Working from home, the new normal or the new way for businesses to cut costs?

City law firm Stephenson Harwood has announced they will now allow staff to work fully remote with a minimum of one day per month in the office. The catch? A hefty 20% annual pay cut.

This package has been delivered to take out the need for staff to work and live in London for those that do not want to. This of course comes with removing, the London weighting added onto your annual salary. This is where your pay increases to accommodate the costs of London travel and general living.

The firm has spoken and said throughout the pandemic they saw many new hires from outside of London due to logistics and resourcing and that their salaries were adjusted to compensate for this.

It seems, despite Stephenson Harwood publishing this as an incentive, only a small percentage have currently taken up the package with no trainees or junior lawyers getting onboard. This potentially indicates how the experience of working in London can influence your view of working from home full time.

Advantages of Working From Home

Are they any advantages of working from home and who does it benefit more, the employee or the employer?

There are of course advantages of working from home, the first that comes to mind is being able to cut down on wasted travel time, travel costs, and of course takeaway coffee! With no commute, it enables workers more time to relax and reduces the stress and anxiety of getting to work on time.

With being remote, there comes with it the added benefit of being able to work anywhere in the country. A 20% pay cut seems a good offer to someone looking to work closer to family and friends or perhaps after a country lifestyle.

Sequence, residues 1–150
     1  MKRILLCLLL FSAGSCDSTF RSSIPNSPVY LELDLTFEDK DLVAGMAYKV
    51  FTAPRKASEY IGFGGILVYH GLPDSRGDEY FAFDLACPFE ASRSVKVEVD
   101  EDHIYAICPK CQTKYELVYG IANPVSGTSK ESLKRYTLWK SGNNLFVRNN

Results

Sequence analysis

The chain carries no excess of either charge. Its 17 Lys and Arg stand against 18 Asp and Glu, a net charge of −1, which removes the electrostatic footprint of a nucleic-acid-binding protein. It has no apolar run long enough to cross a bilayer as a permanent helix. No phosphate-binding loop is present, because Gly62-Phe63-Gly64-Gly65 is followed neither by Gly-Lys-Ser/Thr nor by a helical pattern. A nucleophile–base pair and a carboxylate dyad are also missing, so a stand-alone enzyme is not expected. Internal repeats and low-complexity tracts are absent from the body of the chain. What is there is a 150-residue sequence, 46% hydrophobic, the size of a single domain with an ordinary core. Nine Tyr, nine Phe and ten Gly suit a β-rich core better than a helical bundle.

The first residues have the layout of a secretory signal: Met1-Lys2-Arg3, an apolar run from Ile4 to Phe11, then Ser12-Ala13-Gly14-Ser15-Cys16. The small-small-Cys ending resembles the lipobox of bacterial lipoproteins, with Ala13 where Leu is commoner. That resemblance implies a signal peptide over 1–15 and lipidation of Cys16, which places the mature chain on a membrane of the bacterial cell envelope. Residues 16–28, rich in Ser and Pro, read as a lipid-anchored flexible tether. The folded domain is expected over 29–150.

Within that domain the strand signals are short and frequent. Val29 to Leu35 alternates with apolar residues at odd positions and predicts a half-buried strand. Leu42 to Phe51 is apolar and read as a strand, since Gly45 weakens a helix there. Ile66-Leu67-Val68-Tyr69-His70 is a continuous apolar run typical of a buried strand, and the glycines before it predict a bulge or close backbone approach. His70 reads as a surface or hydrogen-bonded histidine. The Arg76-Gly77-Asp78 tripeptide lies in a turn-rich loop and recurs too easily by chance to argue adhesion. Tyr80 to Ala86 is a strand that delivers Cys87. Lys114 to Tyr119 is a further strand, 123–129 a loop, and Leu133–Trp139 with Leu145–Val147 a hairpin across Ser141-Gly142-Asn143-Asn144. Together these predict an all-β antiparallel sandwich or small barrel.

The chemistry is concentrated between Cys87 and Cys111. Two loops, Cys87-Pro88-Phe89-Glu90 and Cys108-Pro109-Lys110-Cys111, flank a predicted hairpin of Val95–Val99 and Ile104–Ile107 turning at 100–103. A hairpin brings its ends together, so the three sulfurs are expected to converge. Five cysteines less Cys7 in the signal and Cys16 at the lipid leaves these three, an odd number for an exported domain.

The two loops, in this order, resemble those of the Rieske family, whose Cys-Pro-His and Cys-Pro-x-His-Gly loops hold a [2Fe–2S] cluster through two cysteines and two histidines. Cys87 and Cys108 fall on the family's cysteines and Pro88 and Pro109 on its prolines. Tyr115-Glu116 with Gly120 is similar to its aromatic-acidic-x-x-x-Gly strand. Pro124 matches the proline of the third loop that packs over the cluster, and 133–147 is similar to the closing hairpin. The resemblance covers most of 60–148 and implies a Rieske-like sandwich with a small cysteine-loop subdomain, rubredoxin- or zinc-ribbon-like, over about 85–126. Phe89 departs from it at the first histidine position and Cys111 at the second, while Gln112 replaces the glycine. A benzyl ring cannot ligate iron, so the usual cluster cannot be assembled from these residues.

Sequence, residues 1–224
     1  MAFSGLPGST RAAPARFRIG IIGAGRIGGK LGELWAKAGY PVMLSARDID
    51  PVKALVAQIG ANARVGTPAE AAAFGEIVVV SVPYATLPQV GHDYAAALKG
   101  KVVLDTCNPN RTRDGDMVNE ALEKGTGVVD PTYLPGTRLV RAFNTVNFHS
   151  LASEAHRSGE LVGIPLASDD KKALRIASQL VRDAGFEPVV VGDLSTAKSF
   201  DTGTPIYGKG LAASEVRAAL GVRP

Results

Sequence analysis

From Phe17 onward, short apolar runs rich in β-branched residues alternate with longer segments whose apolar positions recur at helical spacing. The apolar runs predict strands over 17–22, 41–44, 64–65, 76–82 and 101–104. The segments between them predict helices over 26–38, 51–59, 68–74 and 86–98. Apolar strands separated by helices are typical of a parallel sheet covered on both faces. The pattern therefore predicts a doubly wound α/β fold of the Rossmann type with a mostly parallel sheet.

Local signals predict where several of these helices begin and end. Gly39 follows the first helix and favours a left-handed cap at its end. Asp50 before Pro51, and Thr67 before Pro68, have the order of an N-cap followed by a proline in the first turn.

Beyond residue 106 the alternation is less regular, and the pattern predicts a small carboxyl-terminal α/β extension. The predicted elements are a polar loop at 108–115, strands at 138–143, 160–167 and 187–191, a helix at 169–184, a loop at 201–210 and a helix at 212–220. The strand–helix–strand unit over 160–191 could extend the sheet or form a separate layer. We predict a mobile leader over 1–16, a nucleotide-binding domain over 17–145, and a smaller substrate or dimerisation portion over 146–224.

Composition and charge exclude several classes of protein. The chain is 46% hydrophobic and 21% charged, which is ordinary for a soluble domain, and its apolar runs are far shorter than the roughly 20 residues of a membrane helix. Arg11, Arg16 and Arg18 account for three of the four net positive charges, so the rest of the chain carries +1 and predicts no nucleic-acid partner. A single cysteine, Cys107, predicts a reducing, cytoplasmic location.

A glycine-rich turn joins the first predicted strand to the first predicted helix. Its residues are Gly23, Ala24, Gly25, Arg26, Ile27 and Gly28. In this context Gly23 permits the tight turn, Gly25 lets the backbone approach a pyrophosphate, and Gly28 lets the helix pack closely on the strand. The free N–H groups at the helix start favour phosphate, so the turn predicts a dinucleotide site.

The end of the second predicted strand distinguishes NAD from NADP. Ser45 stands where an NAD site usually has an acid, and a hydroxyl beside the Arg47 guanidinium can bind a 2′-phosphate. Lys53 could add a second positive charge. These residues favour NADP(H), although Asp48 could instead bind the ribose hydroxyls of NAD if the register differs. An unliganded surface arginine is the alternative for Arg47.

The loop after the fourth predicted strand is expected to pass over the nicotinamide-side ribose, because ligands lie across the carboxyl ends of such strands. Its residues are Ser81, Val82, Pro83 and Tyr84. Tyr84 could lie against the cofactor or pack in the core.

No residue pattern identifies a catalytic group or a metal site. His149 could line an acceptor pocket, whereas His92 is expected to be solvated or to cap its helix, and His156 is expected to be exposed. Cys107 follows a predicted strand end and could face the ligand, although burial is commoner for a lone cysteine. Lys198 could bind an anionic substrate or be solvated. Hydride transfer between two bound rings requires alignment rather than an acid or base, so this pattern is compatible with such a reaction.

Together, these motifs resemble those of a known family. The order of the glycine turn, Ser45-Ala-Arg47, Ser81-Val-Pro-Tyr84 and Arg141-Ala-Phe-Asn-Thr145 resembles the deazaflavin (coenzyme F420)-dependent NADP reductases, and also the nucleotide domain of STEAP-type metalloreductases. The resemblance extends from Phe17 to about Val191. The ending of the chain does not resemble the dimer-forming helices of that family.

Working full time from home comes with it an inevitable risk of overworking and exhaustion. To be within arm’s reach of your work constantly makes it harder for some to let go and have proper breaks.

There are many distractions at home from uncompleted chores, kids, and pets making it hard to stay focused. Another obvious trait of working home and one which was felt heavily over the pandemic is the increased isolation of workers lacking the contact time. This can make employees feel disconnected from the work team and make it harder to build up a rapport within the staff.

What is Going on Elsewhere?

Around the globe, companies are already facing issues with choosing to offer work-from-home packages. Apple is facing a recent lawsuit with employees claiming that ordering staff to go gradually back to working in the office a minimum of three days a week is discriminatory. 

The apple employees claim it only benefits the company and it is a show of privilege to be able to decide where you want to work and be able to afford transport, be it private or public. The letter gained little traction though with just over 200 signatures, representing 0.1% of the company’s employees.

What is the Bottom Line?

Only a small percentage of staff have taken up the offer of working from home with Stephenson Harwood. It is preferable if you were nearing retirement age and already bored with having to commute and sit in an office and prefer to be remote in a setting of your choice.

What are the Stats?

During January of this year, 36% of adults reported to the government that they were working from home at least one day per week with 46% of these homeworkers saying they spent less as a result of homeworking over the pandemic and beyond. There is still the ongoing battle between employees against employer with employees claiming that as offices are reducing their outgoings from water usage to electricity, there is no need to reduce employee pay. Another issue highlighted is the requirement to bill the same hours as you would have been doing with full pay, making it an uneven advantage to the employer.

Do the benefits do enough to sway employees to take up permanent flexible working or will they turn around and expect to do less work as a result?